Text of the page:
Fluent on both the electric and acoustic guitar, Pittsburgh native Rich Stein is a folk-rock instrumentalist who has brought a variety of influences to his work, such as the fingerpicker school of acoustic folk-rock guitar; that is, acoustic guitar-playing instrumentalists like John Fahey, Leo Kottke and Peter Lang. However, Stein can't be totally lumped in with the fingerpickers. While Kottke, Lang and the late Fahey are obvious influences, Stein has been quoted as saying that he is "equally influenced" by Frank Zappa, Robert Fripp (of King Crimson fame) and Richard Thompson. And unlike full-time fingerpickers, Stein doesn't play the acoustic guitar exclusively; while the acoustic guitar is the instrument of choice for full-time pickers, Stein is just as comfortable on the electric guitar. So when you add all of these things up, it makes him one of the more individualistic performers in the world of instrumental folk-rock.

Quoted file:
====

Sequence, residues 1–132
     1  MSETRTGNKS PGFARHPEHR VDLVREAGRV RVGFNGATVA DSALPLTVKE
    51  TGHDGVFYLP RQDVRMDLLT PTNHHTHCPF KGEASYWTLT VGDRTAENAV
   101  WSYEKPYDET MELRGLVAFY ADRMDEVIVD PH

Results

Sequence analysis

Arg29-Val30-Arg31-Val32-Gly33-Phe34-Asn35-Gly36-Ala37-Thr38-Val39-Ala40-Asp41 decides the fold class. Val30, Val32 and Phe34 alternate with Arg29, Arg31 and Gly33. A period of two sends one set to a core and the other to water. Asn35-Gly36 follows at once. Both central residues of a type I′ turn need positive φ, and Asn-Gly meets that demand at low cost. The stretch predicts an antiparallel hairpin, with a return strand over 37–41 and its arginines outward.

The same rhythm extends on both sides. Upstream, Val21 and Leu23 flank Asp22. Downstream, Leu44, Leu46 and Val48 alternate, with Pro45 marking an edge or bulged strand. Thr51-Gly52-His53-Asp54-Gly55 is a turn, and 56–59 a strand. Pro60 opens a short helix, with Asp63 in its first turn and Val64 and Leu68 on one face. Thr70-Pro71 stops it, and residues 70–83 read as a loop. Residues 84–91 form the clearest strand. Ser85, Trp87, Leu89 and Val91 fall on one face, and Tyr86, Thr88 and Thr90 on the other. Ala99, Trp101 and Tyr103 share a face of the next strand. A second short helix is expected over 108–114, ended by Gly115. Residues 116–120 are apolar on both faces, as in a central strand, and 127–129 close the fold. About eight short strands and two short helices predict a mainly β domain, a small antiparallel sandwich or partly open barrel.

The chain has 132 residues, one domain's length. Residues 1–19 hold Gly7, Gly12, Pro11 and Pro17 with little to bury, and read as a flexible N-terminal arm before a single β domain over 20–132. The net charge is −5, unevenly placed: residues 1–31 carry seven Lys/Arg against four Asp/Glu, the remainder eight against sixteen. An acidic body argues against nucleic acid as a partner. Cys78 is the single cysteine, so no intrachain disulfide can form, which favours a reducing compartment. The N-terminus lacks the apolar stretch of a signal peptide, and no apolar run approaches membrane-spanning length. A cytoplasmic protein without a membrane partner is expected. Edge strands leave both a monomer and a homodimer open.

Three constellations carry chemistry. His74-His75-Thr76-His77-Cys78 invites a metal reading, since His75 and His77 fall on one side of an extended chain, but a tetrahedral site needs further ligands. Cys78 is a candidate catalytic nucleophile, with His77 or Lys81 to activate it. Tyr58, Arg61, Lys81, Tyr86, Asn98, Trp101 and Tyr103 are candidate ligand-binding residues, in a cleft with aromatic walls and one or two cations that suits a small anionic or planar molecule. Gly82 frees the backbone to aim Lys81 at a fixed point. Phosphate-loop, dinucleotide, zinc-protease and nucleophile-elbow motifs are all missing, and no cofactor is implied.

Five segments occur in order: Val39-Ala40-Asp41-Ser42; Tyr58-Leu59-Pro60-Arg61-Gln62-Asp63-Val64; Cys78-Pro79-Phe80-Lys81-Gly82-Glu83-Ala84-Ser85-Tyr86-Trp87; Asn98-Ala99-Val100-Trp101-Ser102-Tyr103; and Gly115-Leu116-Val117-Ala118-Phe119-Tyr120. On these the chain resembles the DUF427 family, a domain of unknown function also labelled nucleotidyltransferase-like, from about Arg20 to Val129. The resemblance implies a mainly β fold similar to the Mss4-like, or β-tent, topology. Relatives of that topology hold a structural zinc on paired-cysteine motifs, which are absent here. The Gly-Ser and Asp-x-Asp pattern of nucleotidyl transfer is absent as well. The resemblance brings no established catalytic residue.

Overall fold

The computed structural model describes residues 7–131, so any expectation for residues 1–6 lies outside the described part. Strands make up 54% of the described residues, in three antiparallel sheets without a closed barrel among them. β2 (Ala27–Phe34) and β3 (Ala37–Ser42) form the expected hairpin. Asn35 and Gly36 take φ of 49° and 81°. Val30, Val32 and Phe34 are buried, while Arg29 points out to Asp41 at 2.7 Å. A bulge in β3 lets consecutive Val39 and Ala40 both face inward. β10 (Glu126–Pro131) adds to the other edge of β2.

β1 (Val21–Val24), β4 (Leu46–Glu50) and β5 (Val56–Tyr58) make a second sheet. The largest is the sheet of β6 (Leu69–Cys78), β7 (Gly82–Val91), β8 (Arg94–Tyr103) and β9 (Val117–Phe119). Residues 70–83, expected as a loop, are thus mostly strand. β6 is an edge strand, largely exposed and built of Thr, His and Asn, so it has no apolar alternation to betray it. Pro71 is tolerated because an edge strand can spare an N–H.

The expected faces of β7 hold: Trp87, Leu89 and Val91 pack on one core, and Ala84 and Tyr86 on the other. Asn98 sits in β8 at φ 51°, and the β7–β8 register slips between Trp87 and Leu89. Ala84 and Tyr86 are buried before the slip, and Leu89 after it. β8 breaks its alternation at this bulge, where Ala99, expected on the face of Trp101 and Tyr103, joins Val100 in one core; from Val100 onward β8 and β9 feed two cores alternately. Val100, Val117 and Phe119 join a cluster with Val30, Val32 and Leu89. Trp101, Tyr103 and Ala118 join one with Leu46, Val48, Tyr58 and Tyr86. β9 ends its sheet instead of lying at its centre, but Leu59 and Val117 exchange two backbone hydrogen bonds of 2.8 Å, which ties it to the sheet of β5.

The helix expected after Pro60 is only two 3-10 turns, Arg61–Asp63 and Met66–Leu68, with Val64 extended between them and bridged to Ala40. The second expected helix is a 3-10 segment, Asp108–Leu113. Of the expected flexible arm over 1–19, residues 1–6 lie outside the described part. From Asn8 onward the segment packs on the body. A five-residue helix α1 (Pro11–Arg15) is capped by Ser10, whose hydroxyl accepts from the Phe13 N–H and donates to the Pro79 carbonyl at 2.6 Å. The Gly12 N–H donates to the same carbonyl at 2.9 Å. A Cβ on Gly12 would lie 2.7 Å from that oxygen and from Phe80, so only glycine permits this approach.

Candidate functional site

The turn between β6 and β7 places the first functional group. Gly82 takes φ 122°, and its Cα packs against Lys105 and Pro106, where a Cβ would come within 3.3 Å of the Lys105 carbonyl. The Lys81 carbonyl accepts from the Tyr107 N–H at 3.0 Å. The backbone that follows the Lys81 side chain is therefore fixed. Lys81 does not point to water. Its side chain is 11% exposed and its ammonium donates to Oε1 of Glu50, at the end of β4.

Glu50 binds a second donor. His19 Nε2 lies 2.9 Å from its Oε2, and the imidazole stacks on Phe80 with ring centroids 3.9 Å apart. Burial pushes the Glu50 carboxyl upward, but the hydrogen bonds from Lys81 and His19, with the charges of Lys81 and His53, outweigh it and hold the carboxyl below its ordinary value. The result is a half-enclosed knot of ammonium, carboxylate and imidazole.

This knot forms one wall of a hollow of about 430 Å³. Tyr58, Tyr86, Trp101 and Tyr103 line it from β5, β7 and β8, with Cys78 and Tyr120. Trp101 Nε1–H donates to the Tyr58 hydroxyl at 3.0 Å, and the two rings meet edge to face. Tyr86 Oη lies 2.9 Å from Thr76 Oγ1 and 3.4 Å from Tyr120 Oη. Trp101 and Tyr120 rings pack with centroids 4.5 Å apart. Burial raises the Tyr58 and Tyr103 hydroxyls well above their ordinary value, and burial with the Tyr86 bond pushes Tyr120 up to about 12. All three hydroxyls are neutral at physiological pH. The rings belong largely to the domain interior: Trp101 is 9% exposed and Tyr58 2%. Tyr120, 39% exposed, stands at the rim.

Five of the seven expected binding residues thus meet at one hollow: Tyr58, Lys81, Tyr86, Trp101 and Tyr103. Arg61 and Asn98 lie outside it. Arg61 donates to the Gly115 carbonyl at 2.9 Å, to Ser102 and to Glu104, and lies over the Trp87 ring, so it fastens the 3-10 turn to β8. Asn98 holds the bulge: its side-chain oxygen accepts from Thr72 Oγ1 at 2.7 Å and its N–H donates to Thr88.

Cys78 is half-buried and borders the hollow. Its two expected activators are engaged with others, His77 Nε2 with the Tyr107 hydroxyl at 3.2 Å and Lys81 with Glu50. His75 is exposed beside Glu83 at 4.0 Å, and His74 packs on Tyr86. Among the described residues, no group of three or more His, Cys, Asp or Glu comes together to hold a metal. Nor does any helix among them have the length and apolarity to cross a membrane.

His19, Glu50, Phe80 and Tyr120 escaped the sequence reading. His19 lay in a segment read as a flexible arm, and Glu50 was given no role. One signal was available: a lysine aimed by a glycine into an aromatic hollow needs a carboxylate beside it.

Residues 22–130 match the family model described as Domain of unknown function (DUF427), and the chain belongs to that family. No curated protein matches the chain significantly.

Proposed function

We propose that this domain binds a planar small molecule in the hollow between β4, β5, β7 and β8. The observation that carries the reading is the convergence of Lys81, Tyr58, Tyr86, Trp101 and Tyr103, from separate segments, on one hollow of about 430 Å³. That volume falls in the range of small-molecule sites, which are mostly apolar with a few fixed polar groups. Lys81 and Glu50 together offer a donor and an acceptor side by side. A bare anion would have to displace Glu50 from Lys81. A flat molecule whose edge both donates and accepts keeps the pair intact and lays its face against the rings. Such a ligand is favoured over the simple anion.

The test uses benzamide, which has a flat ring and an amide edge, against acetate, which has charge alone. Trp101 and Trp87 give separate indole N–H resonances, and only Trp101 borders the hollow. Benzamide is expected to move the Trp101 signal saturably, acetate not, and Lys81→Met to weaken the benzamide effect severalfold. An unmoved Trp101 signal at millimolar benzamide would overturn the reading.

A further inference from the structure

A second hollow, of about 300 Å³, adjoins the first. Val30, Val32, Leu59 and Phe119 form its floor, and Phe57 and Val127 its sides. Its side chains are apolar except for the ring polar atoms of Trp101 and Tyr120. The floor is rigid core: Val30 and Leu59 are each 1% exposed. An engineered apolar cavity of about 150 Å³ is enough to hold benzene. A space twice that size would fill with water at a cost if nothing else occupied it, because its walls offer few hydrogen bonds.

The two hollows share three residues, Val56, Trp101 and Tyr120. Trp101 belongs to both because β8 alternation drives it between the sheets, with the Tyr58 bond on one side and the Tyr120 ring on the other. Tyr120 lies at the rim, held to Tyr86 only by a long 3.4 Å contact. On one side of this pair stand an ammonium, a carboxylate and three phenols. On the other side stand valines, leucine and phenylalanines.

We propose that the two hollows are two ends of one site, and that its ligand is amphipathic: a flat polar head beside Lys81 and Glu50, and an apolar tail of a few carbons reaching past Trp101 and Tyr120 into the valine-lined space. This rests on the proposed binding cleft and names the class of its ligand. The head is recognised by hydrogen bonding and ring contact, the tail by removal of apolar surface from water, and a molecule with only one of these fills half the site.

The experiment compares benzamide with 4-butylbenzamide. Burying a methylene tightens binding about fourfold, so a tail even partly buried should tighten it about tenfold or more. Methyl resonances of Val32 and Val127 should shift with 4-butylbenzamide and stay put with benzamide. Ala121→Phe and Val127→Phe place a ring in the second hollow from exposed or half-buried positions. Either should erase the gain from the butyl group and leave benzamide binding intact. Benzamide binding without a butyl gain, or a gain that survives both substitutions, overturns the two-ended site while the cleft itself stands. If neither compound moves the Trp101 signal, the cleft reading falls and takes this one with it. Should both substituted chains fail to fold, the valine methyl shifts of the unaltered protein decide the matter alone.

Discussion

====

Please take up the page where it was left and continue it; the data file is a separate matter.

Stein was born in Mt. Lebanon, PA (a suburb of Pittsburgh), but he spent many of his pre-adult years in the Detroit area. The guitarist was a junior in high school when his family moved to a suburb of St. Louis, and as a young adult, he studied classical guitar with guitarist Douglas Niedt at the University of Missouri in Kansas City. After that, he spent two semesters at Ohio State University (where he continued to study the guitar) before moving to New York City and settling in the borough of Queens. Stein, who has taught music at a Long Island high school, got married in the Big Apple and had two kids (the first born in 1992, the second born in 1995). Stein has been quoted as saying that the tremendous responsibility of parenthood didn't interfere with his music; if anything, it inspired him to work harder and become even more focused as a musician and a composer. In 1998, Stein released Hands On, his debut EP, on his own label Clear Stear Music. While that 19-minute EP found an unaccompanied Stein sticking to the acoustic guitar and favoring a picker approach in the Fahey/Kottke/Lang/Stefan Grossman tradition, his next release, Unspoken, was something different. Released on Clear Steer in 2003, Unspoken employed various guest musicians and offered both acoustic and electric guitar playing. Stein was still a folk-rock instrumentalist, but Unspoken -- his first full-length album -- made it clear that not everything in his catalog would adhere to a traditional fingerpicker style. Fahey, Kottke and Lang influenced Unspoken, but so did various non-fingerpicker guitarists. Unspoken was produced by bassist Philip A. Jimenez, who Stein had played with in a late-'90s band called Jordan River. In addition to releasing Hands On and Unspoken on his Clear Steer label, Stein has appeared on albums by indie artists who include Sarah Haddock, Brian Sendrowitz, Seth Davis, Sonny Meadows, Akiva, Bill Ayers and Michael Clark. ~ Alex Henderson
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